I continued hiking higher and realized that I had very few pictures of myself on this trip. Most of the time after visiting a place, I come home to realize that I have lots of photographs of the things I’ve seen, and no images of me there. I took a moment to shoot a self-portrait using an outstretched arm and my Lumix point-and-shoot. After looking at the image on the back of the camera, I realized I had forgot to remove the shemagh I was wearing to keep my head and ears warm from the cold, winter wind.

BryCox_Mongolia2015_317

I had packed light and was unprepared for below freezing temperatures. I was only wearing my t-shirt and light sport coat because it was all I brought, knowing that on the past trips to Beijing, I was able to pick up good knock-off NorthFace jackets for $15 when needed. But on this trip I was nowhere near the silk markets of Beijing while in China, and when I got to Mongolia, it was far colder.

I did however buy some knit gloves in Mongolia that had the words, “MAN” printed on them, and I almost always travel with a shemagh for its versatility. It’s handy as a scarf, but can be a tourniquet or sling in an emergency. On this trip I wore it often as a face mask to filter the common cigarette smoke or dusty air, I used it as a sunshade on long drives, and here at the temple I wore it as a head wrap to keep my ears and head warm in the wind.

But forgetting that I had it on the photo, I pulled it down around my neck and asked my new photographer friend from Malta to take a few shots of me. He and I got along great and we found ourselves often hunting for very similar images. I liked his eye, and he also shot the same Nikon D800 that I had with me. So with my Nikon, he shot these two images of me.

BryCox_Mongolia2015_319

BryCox_Mongolia2015_318

I was very grateful to get some photos of myself on this trip, and now that I’m home, I prefer the first image with the shemagh tied around my head. Though the scarf isn’t oriental, it does give the image a more exotic look.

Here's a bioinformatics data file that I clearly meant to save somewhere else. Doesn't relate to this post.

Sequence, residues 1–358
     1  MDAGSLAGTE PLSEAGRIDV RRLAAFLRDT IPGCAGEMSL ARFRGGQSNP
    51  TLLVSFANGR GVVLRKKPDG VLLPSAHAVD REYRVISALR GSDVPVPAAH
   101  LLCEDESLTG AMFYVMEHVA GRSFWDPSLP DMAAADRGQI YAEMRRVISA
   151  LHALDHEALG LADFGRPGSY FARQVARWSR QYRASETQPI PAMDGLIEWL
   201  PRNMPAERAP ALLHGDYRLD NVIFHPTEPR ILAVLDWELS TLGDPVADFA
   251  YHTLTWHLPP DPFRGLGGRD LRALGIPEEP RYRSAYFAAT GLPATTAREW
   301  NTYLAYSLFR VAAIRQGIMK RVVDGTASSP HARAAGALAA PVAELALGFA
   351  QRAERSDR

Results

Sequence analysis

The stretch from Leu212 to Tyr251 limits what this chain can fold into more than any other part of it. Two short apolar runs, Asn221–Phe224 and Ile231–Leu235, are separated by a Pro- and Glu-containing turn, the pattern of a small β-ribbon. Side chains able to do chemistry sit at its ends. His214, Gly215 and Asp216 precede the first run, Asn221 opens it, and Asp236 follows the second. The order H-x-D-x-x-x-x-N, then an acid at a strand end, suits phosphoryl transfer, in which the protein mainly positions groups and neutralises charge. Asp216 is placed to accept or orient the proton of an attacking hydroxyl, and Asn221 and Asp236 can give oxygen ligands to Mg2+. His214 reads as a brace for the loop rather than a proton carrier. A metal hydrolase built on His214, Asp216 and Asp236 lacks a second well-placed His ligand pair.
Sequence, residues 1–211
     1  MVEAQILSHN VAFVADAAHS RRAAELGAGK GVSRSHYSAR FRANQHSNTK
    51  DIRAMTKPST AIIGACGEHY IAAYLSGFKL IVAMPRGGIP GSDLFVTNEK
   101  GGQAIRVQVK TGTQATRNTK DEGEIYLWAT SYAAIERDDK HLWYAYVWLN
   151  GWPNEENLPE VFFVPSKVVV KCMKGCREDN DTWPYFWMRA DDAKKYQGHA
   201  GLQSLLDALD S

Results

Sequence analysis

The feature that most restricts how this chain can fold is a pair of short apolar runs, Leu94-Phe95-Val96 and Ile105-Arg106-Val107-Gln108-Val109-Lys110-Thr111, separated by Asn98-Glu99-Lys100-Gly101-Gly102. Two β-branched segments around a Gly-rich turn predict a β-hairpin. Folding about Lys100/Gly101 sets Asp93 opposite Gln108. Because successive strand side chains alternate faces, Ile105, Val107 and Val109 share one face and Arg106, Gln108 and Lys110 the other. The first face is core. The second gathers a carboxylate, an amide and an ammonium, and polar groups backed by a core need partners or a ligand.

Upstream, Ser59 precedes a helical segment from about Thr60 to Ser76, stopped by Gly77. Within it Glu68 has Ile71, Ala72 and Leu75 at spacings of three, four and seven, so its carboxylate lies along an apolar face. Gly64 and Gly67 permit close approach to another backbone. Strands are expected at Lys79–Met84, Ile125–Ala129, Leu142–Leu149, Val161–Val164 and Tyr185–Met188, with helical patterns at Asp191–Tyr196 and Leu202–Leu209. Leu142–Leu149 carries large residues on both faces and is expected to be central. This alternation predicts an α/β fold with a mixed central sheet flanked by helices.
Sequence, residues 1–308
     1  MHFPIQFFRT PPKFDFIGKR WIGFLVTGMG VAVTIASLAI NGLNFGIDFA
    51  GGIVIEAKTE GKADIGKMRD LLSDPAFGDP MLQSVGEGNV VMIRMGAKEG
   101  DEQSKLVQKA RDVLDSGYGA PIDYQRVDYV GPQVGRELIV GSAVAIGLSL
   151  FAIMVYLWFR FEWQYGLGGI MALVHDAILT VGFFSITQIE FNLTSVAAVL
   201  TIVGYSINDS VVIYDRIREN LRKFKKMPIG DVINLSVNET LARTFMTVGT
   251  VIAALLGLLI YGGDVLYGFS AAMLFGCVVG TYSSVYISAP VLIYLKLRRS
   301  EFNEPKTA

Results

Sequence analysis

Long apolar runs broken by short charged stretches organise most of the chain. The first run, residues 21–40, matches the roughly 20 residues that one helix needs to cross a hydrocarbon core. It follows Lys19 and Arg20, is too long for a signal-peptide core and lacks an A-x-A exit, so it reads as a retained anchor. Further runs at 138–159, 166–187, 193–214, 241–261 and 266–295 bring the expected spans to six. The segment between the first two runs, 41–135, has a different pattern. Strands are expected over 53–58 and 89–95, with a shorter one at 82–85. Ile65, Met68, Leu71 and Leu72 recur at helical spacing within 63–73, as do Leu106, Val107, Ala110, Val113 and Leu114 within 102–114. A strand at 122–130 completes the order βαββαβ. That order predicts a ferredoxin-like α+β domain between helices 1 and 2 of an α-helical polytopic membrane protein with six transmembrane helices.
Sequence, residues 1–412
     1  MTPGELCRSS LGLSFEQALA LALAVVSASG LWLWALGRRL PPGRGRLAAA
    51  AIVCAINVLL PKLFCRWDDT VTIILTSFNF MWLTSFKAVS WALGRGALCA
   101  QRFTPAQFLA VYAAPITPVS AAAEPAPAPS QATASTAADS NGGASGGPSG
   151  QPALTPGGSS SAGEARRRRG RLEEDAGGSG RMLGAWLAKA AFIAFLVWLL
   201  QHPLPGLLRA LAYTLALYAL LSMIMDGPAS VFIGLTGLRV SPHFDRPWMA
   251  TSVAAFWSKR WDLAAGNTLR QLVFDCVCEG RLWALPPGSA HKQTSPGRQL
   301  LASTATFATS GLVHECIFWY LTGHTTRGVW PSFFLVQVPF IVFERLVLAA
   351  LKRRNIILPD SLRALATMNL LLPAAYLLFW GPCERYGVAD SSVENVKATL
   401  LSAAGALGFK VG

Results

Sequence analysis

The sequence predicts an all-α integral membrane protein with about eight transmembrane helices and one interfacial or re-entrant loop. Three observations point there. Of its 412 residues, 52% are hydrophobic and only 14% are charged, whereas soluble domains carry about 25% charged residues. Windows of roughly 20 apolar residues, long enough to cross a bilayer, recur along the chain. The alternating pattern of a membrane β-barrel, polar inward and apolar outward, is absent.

Hiking up to the highest point on one mountain, there was a fence of prayer ribbons surrounding a very large rock on a cliff. I shot this panorama and it became one of my favorite images from the trip. I’ve already made up a small 30″ print of it for my home.

BryCox_Mongolia2015_321

Also, my briefcase from Saddleback Leather has become one of my favorite travel items. I use it as an airline carry-on for my iPad, laptop, headphones, and books, and then at my destination I change the contents and straps and it becomes my backpack and camera bag. I had the thought that perhaps if I photographed my cool looking bag in this exotic location, maybe the company would want to buy some images or give me some trade.  So with that in mind, I shot these two images as if for an ad for Saddleback. I haven’t yet contacted them or shown them these images yet, but I really like how they turned out.

BryCox_Mongolia2015_322

BryCox_Mongolia2015_344

At this point, then the temple opened its doors and the monks began to come for their daily chant. I have a lot of images of them worshiping that I’ll share in my next entry. They are some of my favorite images of the trip.

BryCox_Mongolia2015_332

So until next time, America.

Bry Cox at Photo Beijing China & Inner Mongolia (Part IV)

After lunch in Mongolia, we were taken to see “a village” where the farmers lived. They had been given notice that we were coming and they were ready for us, dressed and ready to give us a parade down their main road.
BryCox_PhotoBeijing2015_China_48

As the women danced, there was a little motorcycle trike-type-vehicle with a flat bed that drove down the middle carrying a drummer. Next to the motorcycle walked a cymbal player and a horn player.BryCox_PhotoBeijing2015_China_49

Of the entire crowd, I was drawn to the most interesting face, the cymbal player of the parade. I photographed him a few times, and at the end, he removed his gloves and shook my hand with a big smile.

BryCox_PhotoBeijing2015_China_37

During the parade, these beautiful local ladies came out to see us and the parade.
BryCox_PhotoBeijing2015_China_38 BryCox_PhotoBeijing2015_China_39